Laura Bliss is a staff writer at CityLab, covering transportation, infrastructure, and the environment. She also authors MapLab, a biweekly newsletter about maps that reveal and shape urban spaces (subscribe here). Her work has appeared in the New York Times, The Atlantic, Los Angeles, GOOD, L.A. Review of Books, and beyond.
The open-source, citizen-driven mapmaking tool has democratized the insular world of cartography.
Using GPS tools, satellite photographs, and their own local knowledge, citizen cartographers the world over have used the open-source platform to map the world little by little, creating a free, nimble alternative to geographic data from Google, Microsoft, and the like. In many ways, OSM represents a democratization of cartography, a field long closed off to non-experts.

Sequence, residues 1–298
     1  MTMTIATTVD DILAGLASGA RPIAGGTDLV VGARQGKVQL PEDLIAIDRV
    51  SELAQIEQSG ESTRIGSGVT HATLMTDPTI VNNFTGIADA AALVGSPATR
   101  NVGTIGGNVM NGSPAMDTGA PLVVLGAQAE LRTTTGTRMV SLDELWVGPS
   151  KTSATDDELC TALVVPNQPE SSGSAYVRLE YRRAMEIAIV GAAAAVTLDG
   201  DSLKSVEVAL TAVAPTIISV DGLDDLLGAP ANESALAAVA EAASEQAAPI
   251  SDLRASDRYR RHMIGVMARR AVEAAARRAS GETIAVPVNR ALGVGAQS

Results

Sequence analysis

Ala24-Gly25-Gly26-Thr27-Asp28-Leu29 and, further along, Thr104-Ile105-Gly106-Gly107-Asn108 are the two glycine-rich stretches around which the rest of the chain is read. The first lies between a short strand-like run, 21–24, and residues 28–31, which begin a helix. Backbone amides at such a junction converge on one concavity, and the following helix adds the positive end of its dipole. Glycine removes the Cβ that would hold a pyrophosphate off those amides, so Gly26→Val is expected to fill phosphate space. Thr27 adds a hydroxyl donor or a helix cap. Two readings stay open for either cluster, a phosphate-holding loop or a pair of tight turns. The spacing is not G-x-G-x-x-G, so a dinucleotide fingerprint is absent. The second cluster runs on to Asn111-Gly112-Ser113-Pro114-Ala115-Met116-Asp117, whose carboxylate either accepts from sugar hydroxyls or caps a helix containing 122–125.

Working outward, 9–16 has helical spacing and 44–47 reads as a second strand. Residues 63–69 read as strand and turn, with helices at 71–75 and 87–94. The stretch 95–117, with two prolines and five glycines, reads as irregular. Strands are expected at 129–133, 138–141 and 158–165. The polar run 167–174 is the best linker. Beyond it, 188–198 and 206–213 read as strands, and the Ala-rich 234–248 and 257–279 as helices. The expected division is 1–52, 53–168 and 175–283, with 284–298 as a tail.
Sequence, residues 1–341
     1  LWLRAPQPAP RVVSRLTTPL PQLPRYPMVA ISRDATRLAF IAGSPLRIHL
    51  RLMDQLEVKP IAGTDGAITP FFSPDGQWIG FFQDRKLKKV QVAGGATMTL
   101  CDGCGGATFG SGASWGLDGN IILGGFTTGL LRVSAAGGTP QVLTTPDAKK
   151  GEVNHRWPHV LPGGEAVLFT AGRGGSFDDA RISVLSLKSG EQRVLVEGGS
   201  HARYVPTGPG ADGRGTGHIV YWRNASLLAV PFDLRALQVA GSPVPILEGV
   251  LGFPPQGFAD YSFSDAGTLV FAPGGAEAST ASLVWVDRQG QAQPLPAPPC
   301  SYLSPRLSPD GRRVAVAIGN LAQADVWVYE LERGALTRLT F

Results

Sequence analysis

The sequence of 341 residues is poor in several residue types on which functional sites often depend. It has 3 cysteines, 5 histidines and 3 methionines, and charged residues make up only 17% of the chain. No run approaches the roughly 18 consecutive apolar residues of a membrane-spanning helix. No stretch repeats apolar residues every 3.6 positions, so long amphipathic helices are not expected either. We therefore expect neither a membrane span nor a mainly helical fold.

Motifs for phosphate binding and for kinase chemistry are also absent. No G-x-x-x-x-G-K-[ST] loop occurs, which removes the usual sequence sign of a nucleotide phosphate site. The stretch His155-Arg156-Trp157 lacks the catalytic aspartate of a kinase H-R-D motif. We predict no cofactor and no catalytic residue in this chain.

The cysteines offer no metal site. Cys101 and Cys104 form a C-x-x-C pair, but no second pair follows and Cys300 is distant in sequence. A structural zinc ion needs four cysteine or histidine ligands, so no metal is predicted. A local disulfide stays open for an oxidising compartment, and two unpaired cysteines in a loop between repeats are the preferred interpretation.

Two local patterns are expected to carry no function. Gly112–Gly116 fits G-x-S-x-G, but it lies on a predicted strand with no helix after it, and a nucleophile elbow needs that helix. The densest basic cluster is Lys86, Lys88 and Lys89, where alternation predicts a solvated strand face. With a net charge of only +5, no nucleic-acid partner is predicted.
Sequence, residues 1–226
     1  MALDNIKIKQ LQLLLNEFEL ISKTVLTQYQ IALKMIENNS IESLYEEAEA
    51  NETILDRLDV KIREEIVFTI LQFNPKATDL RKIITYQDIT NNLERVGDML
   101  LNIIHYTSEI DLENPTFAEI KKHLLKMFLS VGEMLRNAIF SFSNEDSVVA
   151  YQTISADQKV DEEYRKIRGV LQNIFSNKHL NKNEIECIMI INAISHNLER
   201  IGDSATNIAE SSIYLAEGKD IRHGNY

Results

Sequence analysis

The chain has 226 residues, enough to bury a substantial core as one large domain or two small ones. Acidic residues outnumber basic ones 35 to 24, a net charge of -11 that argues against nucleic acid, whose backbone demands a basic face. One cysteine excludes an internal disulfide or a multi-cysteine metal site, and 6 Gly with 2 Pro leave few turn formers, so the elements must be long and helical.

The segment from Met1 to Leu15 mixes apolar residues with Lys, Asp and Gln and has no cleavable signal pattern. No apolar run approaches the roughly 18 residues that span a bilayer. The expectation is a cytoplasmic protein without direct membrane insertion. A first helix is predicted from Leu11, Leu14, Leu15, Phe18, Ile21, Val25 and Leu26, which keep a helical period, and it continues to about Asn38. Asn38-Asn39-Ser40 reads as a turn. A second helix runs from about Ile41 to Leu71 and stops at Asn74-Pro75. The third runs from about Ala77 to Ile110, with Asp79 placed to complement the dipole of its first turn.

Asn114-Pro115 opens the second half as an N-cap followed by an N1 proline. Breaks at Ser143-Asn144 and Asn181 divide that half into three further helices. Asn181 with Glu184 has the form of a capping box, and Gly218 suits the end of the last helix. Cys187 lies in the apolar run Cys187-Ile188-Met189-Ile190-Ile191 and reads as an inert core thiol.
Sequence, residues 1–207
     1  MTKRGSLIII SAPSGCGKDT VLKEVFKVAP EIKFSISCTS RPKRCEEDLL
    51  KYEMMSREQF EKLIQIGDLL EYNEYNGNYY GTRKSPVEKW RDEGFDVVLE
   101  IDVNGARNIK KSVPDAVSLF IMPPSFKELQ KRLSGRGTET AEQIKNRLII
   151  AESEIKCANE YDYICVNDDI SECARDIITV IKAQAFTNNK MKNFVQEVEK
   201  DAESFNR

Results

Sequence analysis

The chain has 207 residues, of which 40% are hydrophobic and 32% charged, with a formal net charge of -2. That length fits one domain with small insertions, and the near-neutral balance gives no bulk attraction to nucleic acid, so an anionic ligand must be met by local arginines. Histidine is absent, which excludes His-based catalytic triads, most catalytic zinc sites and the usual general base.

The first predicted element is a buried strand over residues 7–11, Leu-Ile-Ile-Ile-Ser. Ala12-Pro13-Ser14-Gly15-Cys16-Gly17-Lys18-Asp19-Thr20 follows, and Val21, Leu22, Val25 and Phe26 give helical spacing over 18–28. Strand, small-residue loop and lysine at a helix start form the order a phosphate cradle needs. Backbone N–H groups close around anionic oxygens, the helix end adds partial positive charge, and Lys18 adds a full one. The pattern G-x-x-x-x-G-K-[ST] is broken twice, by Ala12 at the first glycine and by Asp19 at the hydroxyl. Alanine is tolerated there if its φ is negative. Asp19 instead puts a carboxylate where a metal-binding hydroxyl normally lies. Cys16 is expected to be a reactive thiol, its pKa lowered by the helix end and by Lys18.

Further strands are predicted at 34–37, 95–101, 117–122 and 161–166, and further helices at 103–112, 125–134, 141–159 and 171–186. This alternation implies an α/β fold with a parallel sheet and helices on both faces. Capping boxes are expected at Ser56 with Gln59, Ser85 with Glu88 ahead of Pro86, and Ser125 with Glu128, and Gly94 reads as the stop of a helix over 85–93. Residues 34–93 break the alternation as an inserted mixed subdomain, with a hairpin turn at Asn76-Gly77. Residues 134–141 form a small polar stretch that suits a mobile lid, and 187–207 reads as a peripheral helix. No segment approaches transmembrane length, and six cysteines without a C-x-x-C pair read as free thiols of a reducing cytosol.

To mark the decade gone by, Mapbox has created a remarkable interactive that shows years of crowd-sourced geographic data—streets, buildings, natural features, points of interest—coming to life across the globe. In gorgeous technicolor, you can "jump" from city to city, or move around the world as you please. Some regions light up gradually, representing regular additions of data over time, while others are slow for years before suddenly bursting with data.
While OSM's wide field of mapmakers has its drawbacks, it's also got huge advantages. Because it's so readily adaptable, OSM has become a go-to resource during humanitarian crises and natural disasters.
During last year's Ebola outbreak in West Africa, for example, hundreds of volunteer cartographers sprang to fill in previously unmapped towns and cities across the affected region, which helped the Red Cross, Doctors Without Borders, and other organizations to strategize their responses more effectively.